Calculating eigenstates of an operator

• barefeet
In summary, the conversation discusses determining the eigenstates of an operator expressed in terms of two orthonormal state vectors. The equations and attempts at finding the eigenstates are shown, with the final solution being that one eigenstate is \mid \alpha \rangle + \mid \beta \rangle and the other is \mid \alpha \rangle - \mid \beta \rangle with an eigenvalue of 0.

Homework Statement

Consider a two-dimensional space spanned by two orthonormal state vectors $\mid \alpha \rangle$ and $\mid \beta \rangle$. An operator is expressed in terms of these vectors as
$$A = \mid \alpha \rangle \langle \alpha \mid + \lambda \mid \beta \rangle \langle \alpha \mid + \lambda^* \mid \alpha \rangle \langle \beta \mid + \mu \mid \beta \rangle \langle \beta \mid$$

Determine the eigenstates of A for the case where (i) $\lambda = 1, \mu = \pm 1$, (ii) $\lambda = i, \mu = \pm 1$. Do this problem also by expressing A as a 2 X 2 matrix with eigenstates as the column vectors.

Homework Equations

Just linear algebra rules.

The Attempt at a Solution

I started with $\lambda = 1, \mu = 1$. Then A is:
$$A = \mid \alpha \rangle \langle \alpha \mid + \mid \beta \rangle \langle \alpha \mid + \mid \alpha \rangle \langle \beta \mid + \mid \beta \rangle \langle \beta \mid$$

$$A \mid \alpha \rangle = \mid \alpha \rangle \langle \alpha \mid \alpha \rangle + \mid \beta \rangle \langle \alpha \mid \alpha \rangle + \mid \alpha \rangle \langle \beta \mid \alpha \rangle + \mid \beta \rangle \langle \beta \mid \alpha \rangle = \mid \alpha \rangle + \mid \beta \rangle$$

$$A \mid \beta \rangle = \mid \alpha \rangle \langle \alpha \mid \beta \rangle + \mid \beta \rangle \langle \alpha \mid \beta \rangle + \mid \alpha \rangle \langle \beta \mid \beta \rangle + \mid \beta \rangle \langle \beta \mid \beta \rangle = \mid \alpha \rangle + \mid \beta \rangle$$

The eigenstate is $\mid a_n \rangle$ with eigenvalue $a_n$. Then the following holds:
$$A \mid a_n \rangle = a_n \mid a_n \rangle$$

The eigenstate $\mid a_n \rangle$ can be expressed in the basis vectors $\mid \alpha \rangle$ and $\mid \beta \rangle$:

$$\mid a_n \rangle = c_1 \mid \alpha \rangle + c_2 \mid \beta \rangle$$

Then the earlier equation becomes:
$$A \mid a_n \rangle = A( c_1 \mid \alpha \rangle + c_2 \mid \beta \rangle ) = a_n (c_1 \mid \alpha \rangle + c_2 \mid \beta \rangle$$

But this is also:
$$A( c_1 \mid \alpha \rangle + c_2 \mid \beta \rangle ) = c_1 A \mid \alpha \rangle + c_2 A \mid \beta \rangle = c_1 (\mid \alpha \rangle + \mid \beta \rangle) + c_2 (\mid \alpha \rangle + \mid \beta \rangle) \\ = (c_1 + c_2) \mid \alpha \rangle + (c_1 + c_2) \mid \beta \rangle$$

This gives the equations :
$$a_n c_1 = c_1 + c_2$$
$$a_n c_2 = c_1 + c_2$$

The only solution is if $c_1 = c_2 = 0$. Obviously I am doing something wrong but I can't see it.

barefeet said:
This gives the equations :
$$a_n c_1 = c_1 + c_2$$
$$a_n c_2 = c_1 + c_2$$
The only solution is if $c_1 = c_2 = 0$. Obviously I am doing something wrong but I can't see it.
Are you sure that's the only solution?

I see, but I still get one non trivial solution out of it.
If one is 0, then both are 0. So they are either both nonzero or both 0. If they are nonzero, I can write:
$$a_n = \frac{c_1 + c_2}{c_1} = \frac{c_1 + c_2}{c_2}$$
If $c_1 + c_2 =0$ then $a_n =0$ or the c's are 0. If $c_1 + c_2$ is nonzero, then I can divide by it and gives me $c_1 = c_2$ with $a_n = 2$ Unnormalized I can take as eigenstate $\mid \alpha \rangle + \mid \beta \rangle$.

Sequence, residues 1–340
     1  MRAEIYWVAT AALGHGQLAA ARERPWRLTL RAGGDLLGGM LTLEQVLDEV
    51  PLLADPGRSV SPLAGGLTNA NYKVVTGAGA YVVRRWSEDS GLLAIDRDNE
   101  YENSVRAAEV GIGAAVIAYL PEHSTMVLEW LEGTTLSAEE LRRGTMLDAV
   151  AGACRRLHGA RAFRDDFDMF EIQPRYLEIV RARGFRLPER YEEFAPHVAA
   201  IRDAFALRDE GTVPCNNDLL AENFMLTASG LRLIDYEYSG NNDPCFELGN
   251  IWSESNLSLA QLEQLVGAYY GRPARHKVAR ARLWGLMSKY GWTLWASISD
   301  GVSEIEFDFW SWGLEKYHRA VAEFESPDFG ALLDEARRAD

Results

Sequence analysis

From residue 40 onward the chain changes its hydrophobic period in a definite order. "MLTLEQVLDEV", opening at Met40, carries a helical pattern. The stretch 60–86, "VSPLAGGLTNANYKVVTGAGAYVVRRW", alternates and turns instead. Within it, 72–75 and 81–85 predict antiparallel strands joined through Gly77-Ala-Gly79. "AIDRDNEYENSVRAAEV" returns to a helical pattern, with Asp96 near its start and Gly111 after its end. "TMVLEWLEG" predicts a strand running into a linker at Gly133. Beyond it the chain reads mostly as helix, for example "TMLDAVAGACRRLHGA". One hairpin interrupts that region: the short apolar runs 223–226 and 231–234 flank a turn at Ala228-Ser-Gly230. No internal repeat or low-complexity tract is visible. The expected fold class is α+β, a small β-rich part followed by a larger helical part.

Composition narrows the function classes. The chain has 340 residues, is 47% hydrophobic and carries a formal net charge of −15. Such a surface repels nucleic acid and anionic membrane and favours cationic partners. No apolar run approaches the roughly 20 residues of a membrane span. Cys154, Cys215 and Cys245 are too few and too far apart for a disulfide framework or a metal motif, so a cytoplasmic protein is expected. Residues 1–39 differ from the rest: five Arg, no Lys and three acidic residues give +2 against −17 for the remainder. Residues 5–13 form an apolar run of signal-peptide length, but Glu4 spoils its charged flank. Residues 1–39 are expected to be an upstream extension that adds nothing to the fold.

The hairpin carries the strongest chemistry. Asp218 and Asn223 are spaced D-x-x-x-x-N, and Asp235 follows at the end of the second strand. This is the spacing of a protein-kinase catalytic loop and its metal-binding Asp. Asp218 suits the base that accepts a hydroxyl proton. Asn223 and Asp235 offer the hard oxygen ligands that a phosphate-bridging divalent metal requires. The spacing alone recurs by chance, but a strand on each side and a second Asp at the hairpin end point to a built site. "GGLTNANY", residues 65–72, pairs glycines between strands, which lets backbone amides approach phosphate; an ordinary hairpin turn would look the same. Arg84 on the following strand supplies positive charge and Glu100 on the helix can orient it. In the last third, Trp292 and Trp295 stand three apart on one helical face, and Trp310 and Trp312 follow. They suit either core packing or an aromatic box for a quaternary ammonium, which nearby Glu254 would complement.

Now I can't find the other eigenstate. $\mid \alpha \rangle - \mid \beta \rangle$ is orthogonal to this eigenstate but letting A operate on it gives me 0. Or does this just mean that it is an eigenstate with eigenvalue 0?

barefeet said:
Or does this just mean that it is an eigenstate with eigenvalue 0?
That's it.

Another approach is to subtract the two equations:
##a_nc_1 = c_1+c_2##
##a_nc_2 = c_1+c_2##

Thanks again

What is an eigenstate?

An eigenstate is a state in which a physical system can exist with a definite value for a particular observable quantity, such as energy or momentum. It is a state in which the system's wave function is a solution to the Schrödinger equation for a given operator.

What is an operator?

An operator is a mathematical object that acts on a function, transforming it into another function. In quantum mechanics, operators represent physical observables such as position, momentum, and energy.

How do you calculate eigenstates of an operator?

To calculate eigenstates of an operator, you need to solve the Schrödinger equation for the given operator. This involves finding the eigenvalues and eigenvectors of the operator, which represent the possible values and corresponding states of the observable quantity.

What is the significance of eigenstates in quantum mechanics?

Eigenstates are important in quantum mechanics because they represent the fundamental states of a system, which can be used to describe the behavior of the system and make predictions about its future evolution. They also play a key role in measuring physical observables and determining the probabilities of different outcomes.

Can eigenstates of different operators be simultaneously measured?

Yes, eigenstates of different operators can be simultaneously measured if they commute, meaning their corresponding operators can be multiplied in any order without changing the result. This is known as the principle of uncertainty, and it allows for the simultaneous measurement of compatible observables.

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